- DESGN, an advanced Design for Six Sigma tool to create new and innovative business processes. Corning customized Design for Six Sigma and applies this method when a new process is needed or when a process is so broken that it needs to be replaced.
- Lean, a process of eliminating waste without affecting customer value. Corning used lean to reduce waste and improve business process flow.
- Innovation, a process to support new product and technology development. As Figure 2 shows, Corning’s innovation process included five stages, from building initial knowledge to life cycle management.
- Commercialization applications, the implementation of Six Sigma and other continuous improvement tools to the skills of sales and marketing. Many organizations struggle when it comes to applying Six Sigma outside of the manufacturing and research and development settings that it was designed to address. Corning has found, cataloged, documented, and published best practices for more than 50 common processes related to sales calls, proposals, market analyses, and forecasts. These tools help marketing performance by allowing employees to participate in improvement without being compelled to use ill-fitting tools.
Corning’s initial concentration on streamlining manufacturing processes using lean, Six Sigma, DMAIC, and DESGN produced dramatic results: high quality products and low-cost production.
Reaching Beyond Manufacturing
Another 160 Years
- Interview with James (Jamie) R. Houghton, former CEO, by James Buckman in 1999.
- Corning Incorporated, "Balance: Corning Annual Report 2002," 2003, http://files.shareholder.com/downloads/GLW/0x0x61639/23497DB7-2CCA-4BF3-BA8E-B72A92B1B40A/ARsummary_2002.pdf.
- J. Houghton to Don McCabe, as described by McCabe in an interview with the authors.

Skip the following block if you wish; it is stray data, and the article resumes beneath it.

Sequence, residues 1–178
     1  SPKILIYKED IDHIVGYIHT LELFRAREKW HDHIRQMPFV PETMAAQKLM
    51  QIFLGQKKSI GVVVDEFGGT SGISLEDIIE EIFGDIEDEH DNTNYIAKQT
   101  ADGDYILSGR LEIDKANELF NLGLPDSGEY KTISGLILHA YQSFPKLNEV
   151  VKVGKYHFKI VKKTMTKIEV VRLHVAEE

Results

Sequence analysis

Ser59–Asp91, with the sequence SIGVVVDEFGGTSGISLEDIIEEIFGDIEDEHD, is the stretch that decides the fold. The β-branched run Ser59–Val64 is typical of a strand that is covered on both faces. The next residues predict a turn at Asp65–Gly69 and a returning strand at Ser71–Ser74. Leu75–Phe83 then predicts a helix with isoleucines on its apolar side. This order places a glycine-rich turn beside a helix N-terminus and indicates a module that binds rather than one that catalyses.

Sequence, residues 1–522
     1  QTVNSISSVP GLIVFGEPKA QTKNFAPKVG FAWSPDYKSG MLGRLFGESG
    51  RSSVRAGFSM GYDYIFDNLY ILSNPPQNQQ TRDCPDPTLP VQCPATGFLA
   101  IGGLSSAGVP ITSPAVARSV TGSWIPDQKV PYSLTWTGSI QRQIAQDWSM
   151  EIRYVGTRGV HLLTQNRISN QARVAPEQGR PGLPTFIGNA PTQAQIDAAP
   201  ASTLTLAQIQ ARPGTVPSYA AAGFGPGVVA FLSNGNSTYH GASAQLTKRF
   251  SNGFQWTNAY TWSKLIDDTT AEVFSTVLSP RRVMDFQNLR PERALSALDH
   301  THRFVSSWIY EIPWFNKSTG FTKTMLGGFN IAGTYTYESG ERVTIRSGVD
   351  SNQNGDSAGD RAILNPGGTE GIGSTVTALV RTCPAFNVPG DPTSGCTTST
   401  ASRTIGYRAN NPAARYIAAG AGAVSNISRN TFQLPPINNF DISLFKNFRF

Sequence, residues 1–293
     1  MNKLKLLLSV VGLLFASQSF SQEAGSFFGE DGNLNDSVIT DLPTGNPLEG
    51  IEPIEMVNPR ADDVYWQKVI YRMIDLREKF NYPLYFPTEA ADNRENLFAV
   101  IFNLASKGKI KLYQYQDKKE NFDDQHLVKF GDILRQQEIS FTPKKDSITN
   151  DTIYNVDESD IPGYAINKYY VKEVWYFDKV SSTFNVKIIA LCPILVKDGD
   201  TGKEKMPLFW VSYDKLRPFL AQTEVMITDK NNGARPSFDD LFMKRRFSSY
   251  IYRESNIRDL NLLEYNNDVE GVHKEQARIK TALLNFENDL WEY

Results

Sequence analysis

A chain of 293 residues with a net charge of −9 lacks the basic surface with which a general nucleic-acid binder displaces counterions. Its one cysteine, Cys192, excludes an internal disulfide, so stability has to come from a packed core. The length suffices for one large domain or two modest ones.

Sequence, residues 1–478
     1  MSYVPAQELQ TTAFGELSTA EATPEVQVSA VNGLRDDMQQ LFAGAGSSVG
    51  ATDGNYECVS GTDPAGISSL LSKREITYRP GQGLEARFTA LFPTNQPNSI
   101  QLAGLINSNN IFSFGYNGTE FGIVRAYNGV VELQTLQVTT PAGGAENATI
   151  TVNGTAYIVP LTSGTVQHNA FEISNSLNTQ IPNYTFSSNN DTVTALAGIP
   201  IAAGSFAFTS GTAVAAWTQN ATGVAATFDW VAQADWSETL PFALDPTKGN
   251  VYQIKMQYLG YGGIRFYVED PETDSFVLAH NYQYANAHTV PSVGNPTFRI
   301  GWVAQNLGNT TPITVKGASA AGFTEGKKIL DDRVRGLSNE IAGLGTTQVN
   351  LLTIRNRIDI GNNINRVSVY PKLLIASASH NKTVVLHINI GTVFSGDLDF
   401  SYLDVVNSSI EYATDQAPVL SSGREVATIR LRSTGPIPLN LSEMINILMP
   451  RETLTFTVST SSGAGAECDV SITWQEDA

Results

All photos courtesy of Corning.
About the Authors
Jim has been consulting, writing, and working on leadership issues related to quality since the mid 1970s. He was named the founding president of the Minnesota Council for Quality, where he served from 1989 to 1993. He then accepted a position at the University of Minnesota, where he established the Joseph Juran Center for Leadership in Quality and learned from some of the greatest quality thinkers in U.S. history, including Joseph M. Juran; A. Blanton Godfrey; Bob Galvin, Motorola; Paul O’Neill, Alcoa; Don Petersen, Bill Ford, and Alan Mulally, Ford Motor Co.; Jamie Houghton, Corning Inc.; and Roger Milliken, Milliken Co. Since retiring in 2009, he has worked to advance the ideas that underpin quality leadership into U.S. institutions for higher education, healthcare, and infrastructure systems, especially electricity.
Mary Beth Buckman, MBA
After ending a 28-year corporate career in marketing, new business development, and strategic management with three Fortune 500 companies, Mary Beth taught business management courses at the college level. Currently, she works with her husband, Jim, in documenting corporate quality transformations from the last decade.